job creation in such rural areas lies in equipping young local people with the necessary craft and business skills which would enable them to launch their own small industries. In short, the existing educational skills are of little use to those who wish to stay in the area and those who are forced to stay do not have the opportunity to develop skills which would allow them to live and work in this area or elsewhere. The Craft Training Programme was designed by Connemara West as a response to this situation.

2. Objectives of the Craft Training Programme For Connemara West, the proposed training programme in craft skills for young unemployed local people has the following objectives: a) to provide a comprehensive training for young people in a wide range of high grade craft skills in a chosen medium followed by identification of suitable products rather than identifying products at the outset and training only in skills related to them. This type of training should make the craftsperson more adaptable; b) to base the training on the development and creative use of manual dexterity and skill to a high standard of workmanship; c) to encourage in the trainees a curious and creative attitude towards their skills based on an understanding through workshop experience and knowledge from reference and research; d) to provide the trainees with the knowledge and opportunity to develop and manage their own craft workshops; e) to awaken in the trainees and awareness of good design and of its importance as an integral part of the programme.

3. Aims of the Craft Training Programme in wood skills (19821985). The first phase of the training programme in wood skills, which commenced in October 1982 has the following specific aims: a) to train fourteen young people in wood craftsmanship in the following skills: woodturning; cabinetmaking; woodcarving; inlaying and routing; b) to provide them with a training in mechanical drawing, sketching and freehand drawing, an appreciation of design and its constituent elements

and an understanding of the history of craft and craftmanship; c) to equip them with the knowledge and skills necessary to set up and manage their own craft production workshops.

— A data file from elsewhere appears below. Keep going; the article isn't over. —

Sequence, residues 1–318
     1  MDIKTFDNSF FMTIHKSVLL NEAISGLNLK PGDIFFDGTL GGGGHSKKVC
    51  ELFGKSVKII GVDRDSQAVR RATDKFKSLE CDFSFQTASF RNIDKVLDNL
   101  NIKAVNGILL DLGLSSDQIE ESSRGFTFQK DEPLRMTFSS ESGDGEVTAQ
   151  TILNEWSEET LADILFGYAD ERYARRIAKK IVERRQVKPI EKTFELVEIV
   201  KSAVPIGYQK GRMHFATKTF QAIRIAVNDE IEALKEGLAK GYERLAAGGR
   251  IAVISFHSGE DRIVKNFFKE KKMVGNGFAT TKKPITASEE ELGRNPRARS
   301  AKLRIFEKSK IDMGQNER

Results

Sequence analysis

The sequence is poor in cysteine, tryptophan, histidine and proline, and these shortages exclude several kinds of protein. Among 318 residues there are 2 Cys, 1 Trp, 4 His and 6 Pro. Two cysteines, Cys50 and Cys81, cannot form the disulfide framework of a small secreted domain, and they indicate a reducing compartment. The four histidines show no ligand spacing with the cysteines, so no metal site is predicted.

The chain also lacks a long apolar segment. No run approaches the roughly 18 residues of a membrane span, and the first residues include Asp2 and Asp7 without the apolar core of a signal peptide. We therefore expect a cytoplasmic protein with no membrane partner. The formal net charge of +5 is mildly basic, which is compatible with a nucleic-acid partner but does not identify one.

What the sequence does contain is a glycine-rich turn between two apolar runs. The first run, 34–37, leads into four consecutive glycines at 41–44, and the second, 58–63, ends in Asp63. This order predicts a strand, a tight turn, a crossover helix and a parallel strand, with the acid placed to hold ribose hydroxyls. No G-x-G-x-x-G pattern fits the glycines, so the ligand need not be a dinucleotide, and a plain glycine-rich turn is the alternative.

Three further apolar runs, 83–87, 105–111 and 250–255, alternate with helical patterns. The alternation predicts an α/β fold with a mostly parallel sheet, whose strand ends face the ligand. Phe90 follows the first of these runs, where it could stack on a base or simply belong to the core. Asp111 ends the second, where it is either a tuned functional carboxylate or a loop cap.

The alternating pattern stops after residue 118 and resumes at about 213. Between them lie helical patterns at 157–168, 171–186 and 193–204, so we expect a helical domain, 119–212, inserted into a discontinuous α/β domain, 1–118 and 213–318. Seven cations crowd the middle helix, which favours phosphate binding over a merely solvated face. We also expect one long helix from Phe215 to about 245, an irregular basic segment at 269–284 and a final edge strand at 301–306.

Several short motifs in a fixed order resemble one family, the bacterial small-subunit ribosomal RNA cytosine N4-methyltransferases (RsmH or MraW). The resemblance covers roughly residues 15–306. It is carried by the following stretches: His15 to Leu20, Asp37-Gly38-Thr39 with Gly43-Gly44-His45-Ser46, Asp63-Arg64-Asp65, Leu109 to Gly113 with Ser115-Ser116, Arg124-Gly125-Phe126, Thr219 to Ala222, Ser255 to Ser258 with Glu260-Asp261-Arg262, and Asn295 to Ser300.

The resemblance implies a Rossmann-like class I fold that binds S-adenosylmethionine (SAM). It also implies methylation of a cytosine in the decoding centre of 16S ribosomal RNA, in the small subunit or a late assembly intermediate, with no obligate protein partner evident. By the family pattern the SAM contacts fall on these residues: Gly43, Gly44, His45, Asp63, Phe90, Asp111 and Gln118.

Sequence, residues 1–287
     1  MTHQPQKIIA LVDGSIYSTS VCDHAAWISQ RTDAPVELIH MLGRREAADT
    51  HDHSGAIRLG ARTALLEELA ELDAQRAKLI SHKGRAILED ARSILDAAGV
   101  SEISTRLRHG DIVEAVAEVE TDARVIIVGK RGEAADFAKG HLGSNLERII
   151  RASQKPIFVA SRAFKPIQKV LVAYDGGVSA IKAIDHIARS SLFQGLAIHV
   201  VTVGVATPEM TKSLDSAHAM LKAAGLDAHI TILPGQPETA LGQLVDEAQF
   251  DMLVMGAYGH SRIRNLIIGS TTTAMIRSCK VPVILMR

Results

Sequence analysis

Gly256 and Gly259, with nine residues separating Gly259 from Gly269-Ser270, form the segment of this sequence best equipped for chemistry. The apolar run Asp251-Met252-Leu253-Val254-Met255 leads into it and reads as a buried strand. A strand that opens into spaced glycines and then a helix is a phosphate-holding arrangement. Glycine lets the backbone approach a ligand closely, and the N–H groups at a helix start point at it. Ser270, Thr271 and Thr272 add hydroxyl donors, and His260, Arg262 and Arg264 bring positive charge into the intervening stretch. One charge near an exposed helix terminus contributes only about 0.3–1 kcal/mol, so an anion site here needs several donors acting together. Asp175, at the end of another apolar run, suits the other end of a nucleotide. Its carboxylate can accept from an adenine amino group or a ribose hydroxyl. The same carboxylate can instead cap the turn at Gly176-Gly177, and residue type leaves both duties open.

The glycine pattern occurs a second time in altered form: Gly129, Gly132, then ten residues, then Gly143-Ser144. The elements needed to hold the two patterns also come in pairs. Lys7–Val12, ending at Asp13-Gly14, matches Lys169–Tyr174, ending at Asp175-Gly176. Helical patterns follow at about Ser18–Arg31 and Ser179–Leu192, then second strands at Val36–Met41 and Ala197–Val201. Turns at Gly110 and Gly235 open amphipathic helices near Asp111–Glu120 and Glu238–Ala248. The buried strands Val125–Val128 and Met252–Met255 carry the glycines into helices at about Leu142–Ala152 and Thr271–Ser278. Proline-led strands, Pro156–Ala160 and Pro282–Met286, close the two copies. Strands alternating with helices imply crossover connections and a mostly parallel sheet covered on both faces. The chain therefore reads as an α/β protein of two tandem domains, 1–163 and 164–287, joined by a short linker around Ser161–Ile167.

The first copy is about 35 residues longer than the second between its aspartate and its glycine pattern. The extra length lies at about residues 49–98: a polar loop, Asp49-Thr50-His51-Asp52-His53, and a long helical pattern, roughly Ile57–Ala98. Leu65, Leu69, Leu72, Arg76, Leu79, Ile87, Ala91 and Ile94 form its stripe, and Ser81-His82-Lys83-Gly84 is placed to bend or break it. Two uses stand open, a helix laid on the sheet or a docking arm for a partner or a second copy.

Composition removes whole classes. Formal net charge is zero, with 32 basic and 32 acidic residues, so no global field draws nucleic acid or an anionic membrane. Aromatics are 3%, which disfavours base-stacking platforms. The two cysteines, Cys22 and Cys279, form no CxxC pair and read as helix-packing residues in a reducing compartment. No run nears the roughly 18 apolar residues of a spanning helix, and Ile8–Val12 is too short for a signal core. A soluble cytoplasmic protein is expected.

4. Administrative and Training Policy Given the background to the establishment of the Craft Training Programme, the abilities and needs of the young people to be trained and the environment within which they will be working when trained, it is of the utmost importance that the training programme be guided by the following principles in meeting its objectives:

stages of the practical training and should be presented in a nonacademic manner which is lively, relevant and easily assimilated. The method of assessment to be adopted for the programme should not be examination oriented but should be designed to monitor and evaluate adequately the progress of both the individual trainees and the programme as a whole.

Newsletters C R A F T S COUNCIL

1. The young people will be trained to become craftsmen/craftswomen in their particular disciplines rather than operatives or technicians. Consequently, the emphasis in their training will be on the proficient and imaginative use of hand tools rather than machinery. The role and use of machinery is seen as an aid to efficient workmanship and not as a substitute for creative skill; 2. The young people will be given training in a wide range of craft skills. This is essential because in later years, while they may specialise in the practice of one particular skill, they will have a much better chance of surviving and competing commercially if their skills are adaptable and interchangeable; 3. The trainees should be given a thorough appreciation of the role, importance and principles of design in craftsmanship. While they should be given the opportunity to work in both traditional and contemporary styles of craftmanship, they will also be encouraged to work on an individual basis, to break away from pre­ conceived notions, to see the relationship between design and material and to use their skills creatively as an expression of selfreliance and good judgement; 4. The emphasis throughout the training programme will be on the acquisition of knowledge and skill through practical workshop experience and training and especially through experience and contact with the Master Craftsperson. While a certain amount of classroom-based teaching, tutroial and seminar sessions are essential, these should not be allowed to dominate the training or overpower the trainees. Rather, they should be intergrated closely with the various